Gov. Mike Pence (R-IN) defended a “religious liberty” law he signed on Sunday, saying that tolerance was a “two-way street” and the law was about protecting religious people from government overreach.
Pence had said he was going to appear on the Sunday news show to “clarify the intent” of the law. Instead, he refused repeatedly to say if the law would greenlight discrimination against people based on their sexual orientation in the state.
Pence told This Week host George Stephanopoulos it was “absolutely not” a mistake to sign the religious liberty bill into law. Pence dodged a question about Advance America’s statement, which said that bakers and florists might be allowed to refuse to serve a gay couple at their wedding. “This is not about discrimination. This is about empowering people to confront government overreach,” he said.
“Is tolerance a two-way street or not? There’s a lot of talk about tolerance in this country today having to do with people on the left. Here Indiana steps forward to protect the constitutional rights and privileges of freedom of religion for people of faith and families of faith in our state,” Pence said.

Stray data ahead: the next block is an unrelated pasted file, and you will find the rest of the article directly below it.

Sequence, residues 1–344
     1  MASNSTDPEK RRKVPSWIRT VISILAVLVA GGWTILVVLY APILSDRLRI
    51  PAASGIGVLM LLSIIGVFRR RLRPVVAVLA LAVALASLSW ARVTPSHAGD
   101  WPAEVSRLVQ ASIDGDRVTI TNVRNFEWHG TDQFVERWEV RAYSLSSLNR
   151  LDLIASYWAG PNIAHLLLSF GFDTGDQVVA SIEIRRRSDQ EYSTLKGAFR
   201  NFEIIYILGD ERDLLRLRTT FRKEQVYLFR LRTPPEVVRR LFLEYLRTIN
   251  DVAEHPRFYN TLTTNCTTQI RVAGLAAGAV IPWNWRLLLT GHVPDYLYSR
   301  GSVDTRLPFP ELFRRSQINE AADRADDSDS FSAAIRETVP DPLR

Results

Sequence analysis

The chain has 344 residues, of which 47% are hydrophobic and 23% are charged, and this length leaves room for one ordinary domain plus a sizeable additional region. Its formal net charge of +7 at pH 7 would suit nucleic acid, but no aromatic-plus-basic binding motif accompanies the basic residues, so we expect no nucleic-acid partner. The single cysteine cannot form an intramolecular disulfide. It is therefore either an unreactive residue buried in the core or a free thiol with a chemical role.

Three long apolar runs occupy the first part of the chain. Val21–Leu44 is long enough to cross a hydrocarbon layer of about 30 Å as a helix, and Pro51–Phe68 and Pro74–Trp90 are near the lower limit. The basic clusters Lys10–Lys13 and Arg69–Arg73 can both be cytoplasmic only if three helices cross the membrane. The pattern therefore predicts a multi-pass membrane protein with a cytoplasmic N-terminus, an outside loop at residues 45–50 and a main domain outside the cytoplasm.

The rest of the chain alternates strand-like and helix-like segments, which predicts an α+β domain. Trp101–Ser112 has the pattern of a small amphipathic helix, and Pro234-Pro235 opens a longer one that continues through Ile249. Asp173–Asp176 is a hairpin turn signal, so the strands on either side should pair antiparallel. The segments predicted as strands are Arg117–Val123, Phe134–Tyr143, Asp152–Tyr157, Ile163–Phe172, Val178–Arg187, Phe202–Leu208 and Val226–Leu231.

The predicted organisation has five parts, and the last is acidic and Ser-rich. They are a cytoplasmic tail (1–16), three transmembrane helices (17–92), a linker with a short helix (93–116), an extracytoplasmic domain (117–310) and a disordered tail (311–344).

ABC News VideoEdit descriptionabcnews.go.comPence, in an interview with the Indianapolis Star on Saturday, said “we are in discussions with legislative leaders this weekend to see if there’s a way to clarify the intent of the law.”
On Saturday evening, thousands protested against the law. Several businesses expressed their disapproval of the law, with at least two — Salesforce and Angie’s List — saying they were going to halt expansion in the state or ban travel to the state. Pressure has been building for the NCAA to move its Final Four tournament scheduled in the state next week.
One restaurant owner who wouldn’t disclose his name or the name of his business, confessed to a local radio show that he had already discriminated against LGBT people who walked into his restaurant and was glad Pence had signed the law.
Pence said the blowback was the result of “misunderstanding driven by misinformation.” He said he had been in touch with business leaders as well as the NCAA about correcting the “gross mischaracterization” of the law in the media. Getting visibly frustrated when Stephanopoulos kept asking if he thought Pence believed the law made it legal to discriminate against gays and lesbians in the state. “Hooisers don’t discriminate,” Pence said.